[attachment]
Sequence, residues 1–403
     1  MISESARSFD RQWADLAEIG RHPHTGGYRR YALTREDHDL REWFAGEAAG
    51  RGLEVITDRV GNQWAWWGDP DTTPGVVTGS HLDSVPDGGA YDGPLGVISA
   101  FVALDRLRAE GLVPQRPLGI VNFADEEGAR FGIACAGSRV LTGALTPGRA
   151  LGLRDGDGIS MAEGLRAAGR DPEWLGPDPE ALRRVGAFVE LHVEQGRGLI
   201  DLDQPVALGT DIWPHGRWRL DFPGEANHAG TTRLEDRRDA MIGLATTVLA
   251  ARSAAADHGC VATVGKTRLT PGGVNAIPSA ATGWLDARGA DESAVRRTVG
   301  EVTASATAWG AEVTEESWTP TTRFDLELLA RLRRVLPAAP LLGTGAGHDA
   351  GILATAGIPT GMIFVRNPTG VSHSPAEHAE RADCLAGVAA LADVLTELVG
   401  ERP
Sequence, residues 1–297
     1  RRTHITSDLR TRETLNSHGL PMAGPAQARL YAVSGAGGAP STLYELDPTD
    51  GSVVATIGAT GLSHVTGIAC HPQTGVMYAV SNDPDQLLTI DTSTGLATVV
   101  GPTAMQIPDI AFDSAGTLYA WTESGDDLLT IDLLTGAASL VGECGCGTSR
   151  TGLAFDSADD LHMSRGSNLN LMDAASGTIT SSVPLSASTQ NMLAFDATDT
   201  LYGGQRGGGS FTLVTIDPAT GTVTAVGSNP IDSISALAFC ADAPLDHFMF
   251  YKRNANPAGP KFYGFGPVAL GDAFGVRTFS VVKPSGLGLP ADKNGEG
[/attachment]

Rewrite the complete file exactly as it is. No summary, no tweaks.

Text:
Sequence, residues 1–403
     1  MISESARSFD RQWADLAEIG RHPHTGGYRR YALTREDHDL REWFAGEAAG
    51  RGLEVITDRV GNQWAWWGDP DTTPGVVTGS HLDSVPDGGA YDGPLGVISA
   101  FVALDRLRAE GLVPQRPLGI VNFADEEGAR FGIACAGSRV LTGALTPGRA
   151  LGLRDGDGIS MAEGLRAAGR DPEWLGPDPE ALRRVGAFVE LHVEQGRGLI
   201  DLDQPVALGT DIWPHGRWRL DFPGEANHAG TTRLEDRRDA MIGLATTVLA
   251  ARSAAADHGC VATVGKTRLT PGGVNAIPSA ATGWLDARGA DESAVRRTVG
   301  EVTASATAWG AEVTEESWTP TTRFDLELLA RLRRVLPAAP LLGTGAGHDA
   351  GILATAGIPT GMIFVRNPTG VSHSPAEHAE RADCLAGVAA LADVLTELVG
   401  ERP
Sequence, residues 1–297
     1  RRTHITSDLR TRETLNSHGL PMAGPAQARL YAVSGAGGAP STLYELDPTD
    51  GSVVATIGAT GLSHVTGIAC HPQTGVMYAV SNDPDQLLTI DTSTGLATVV
   101  GPTAMQIPDI AFDSAGTLYA WTESGDDLLT IDLLTGAASL VGECGCGTSR
   151  TGLAFDSADD LHMSRGSNLN LMDAASGTIT SSVPLSASTQ NMLAFDATDT
   201  LYGGQRGGGS FTLVTIDPAT GTVTAVGSNP IDSISALAFC ADAPLDHFMF
   251  YKRNANPAGP KFYGFGPVAL GDAFGVRTFS VVKPSGLGLP ADKNGEG